5GA_Martyrs_For_Web-1024x466Most Catholics in Georgia, if asked, would have no idea that the Catholic Church has a history in this part of the world that goes back to the sixteenth century.  Most Catholics would be surprised to learn that there were dozens of Franciscan missions up and down the Georgia coast, and that we have generations of indigenous Catholics buried in the sand of now lost missions.  Most Georgians would be surprised to learn that the nation’s oldest book was written in Georgia (a Catechism in the language of one of our lost tribes of native Georgians).  Most Catholics would be surprised to learn that arguably the first documented baptism in our country took place in what is today Georgia.  And most Catholics in Georgia would be surprised to know that we have five martyrs in our own history.  This is because the history books in Georgia often brush over the Spanish history of Georgia as something of a backstory for the English founding of the colony of Georgia.

As Catholics, we need to remind our fellow Georgians that what is today Georgia was once a part of what the Spanish called la Florida.  Moreover, there are some great stories of heroic peoples from that forgotten century that we should all know.  And as Catholics, we need to be mindful of the Five Georgia Martyrs, whose cause is being promoted in Rome to move them, inch by inch, to be declared saints of the Universal Church.

In our parish here in Jasper, there is a retablo (or icon) of Saint Francis and the Five Georgia Martyrs, painted in 2014 and rendered in a Spanish colonial style.  The artist (a Floridian by the name of Mr. Dan Nichols) spent months of prayer and research, getting to know each friar, where they were from, the age they were at their deaths, and as many details about each that he could find, so he could capture something of the individuality of these five men.  He considered the look of Spanish men of our own day who are from the martyrs’ own regions to give him a reference point, sought information about sixteenth century Franciscan habits to make his drawings as accurate as possible, and found some item to associate with each Franciscan that would help distinguish them from each other.STFran-5x-JPG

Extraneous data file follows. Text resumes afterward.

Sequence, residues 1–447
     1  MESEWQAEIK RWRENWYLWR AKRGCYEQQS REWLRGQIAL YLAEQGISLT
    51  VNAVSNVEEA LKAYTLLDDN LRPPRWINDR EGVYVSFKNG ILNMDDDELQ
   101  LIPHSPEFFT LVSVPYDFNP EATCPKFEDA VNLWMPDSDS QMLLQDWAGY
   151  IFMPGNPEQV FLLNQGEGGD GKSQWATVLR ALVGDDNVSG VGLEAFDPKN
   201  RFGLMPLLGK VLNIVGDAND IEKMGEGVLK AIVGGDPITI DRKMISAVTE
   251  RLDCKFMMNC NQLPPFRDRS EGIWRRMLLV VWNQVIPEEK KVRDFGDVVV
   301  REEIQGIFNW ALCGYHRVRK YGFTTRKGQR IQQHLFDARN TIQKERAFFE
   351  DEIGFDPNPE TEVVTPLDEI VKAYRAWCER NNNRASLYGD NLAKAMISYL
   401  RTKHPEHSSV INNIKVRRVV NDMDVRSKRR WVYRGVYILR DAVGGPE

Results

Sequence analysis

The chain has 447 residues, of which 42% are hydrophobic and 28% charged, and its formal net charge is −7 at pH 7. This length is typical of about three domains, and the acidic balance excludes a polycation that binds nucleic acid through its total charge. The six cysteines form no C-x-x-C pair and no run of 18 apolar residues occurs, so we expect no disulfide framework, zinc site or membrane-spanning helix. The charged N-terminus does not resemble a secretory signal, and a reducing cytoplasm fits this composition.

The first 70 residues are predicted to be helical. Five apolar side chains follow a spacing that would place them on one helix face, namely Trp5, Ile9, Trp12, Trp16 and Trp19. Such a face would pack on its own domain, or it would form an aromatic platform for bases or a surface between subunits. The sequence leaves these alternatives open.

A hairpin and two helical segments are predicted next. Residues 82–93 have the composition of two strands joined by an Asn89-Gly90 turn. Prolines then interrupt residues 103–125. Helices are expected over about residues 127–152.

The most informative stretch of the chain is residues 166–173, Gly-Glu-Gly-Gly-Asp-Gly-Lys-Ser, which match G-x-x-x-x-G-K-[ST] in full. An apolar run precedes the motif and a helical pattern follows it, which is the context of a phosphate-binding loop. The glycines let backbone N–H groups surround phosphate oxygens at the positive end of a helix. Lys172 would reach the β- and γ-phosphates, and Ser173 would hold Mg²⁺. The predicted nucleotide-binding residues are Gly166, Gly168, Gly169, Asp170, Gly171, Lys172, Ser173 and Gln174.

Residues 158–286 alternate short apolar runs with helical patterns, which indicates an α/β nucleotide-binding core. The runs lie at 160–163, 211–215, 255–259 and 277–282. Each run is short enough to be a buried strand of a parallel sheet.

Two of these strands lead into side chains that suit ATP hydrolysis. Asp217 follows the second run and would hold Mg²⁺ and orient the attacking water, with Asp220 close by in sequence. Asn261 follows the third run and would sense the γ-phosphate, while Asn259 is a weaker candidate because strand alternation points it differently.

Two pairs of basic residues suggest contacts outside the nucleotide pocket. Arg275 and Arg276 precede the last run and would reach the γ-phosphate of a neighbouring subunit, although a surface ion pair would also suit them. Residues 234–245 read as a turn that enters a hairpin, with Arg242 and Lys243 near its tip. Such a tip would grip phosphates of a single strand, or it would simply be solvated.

Our retablo depicts Saint Francis benevolently looking down upon the five Spanish Franciscan Friars who were martyred because of their proclamation of the Gospel, wherein they gave witness to the Church’s teaching upholding the Sacrament of Holy Matrimony.  These men were individuals whose blood was spilt to become seeds for the Church that now thrives in our state.  To know their story is to have a better understanding of just how heroic and selfless these founding Padres of the New World were.

We invite you to learn more about these men, their legacy, and their example to us in our own time as a Church who is called upon to uphold the Christian teaching on Marriage, and to spread the Gospel in this part of the world.  Please get to know Pedro de Corpa, Blas Rodríguez, Miguel de Añon, Antonio de Badajoz, and Francisco de Veráscola.  We know about them from another friar, Francisco de Avila, who survived to tell the story.  And especially on or around the anniversary of their martyrdoms (September 14, 16, and 17 in 1597), let us always be reminded and remember their witness to Christ.

Below you will see a link to the website promoting the cause of the Five Georgia Martyrs, a student handout that can be printed to give out in a classroom (in both English and Spanish), an Instructor’s Guide that we hope can help other instructors tell the great story of our Five Franciscan Martyrs of Georgia, and a photo tour of San Luis Rey Mission in Florida.  Lastly, we invite pilgrims to come to Our Lady of the Mountains Catholic Church in Jasper, Georgia, to see the retablo in person.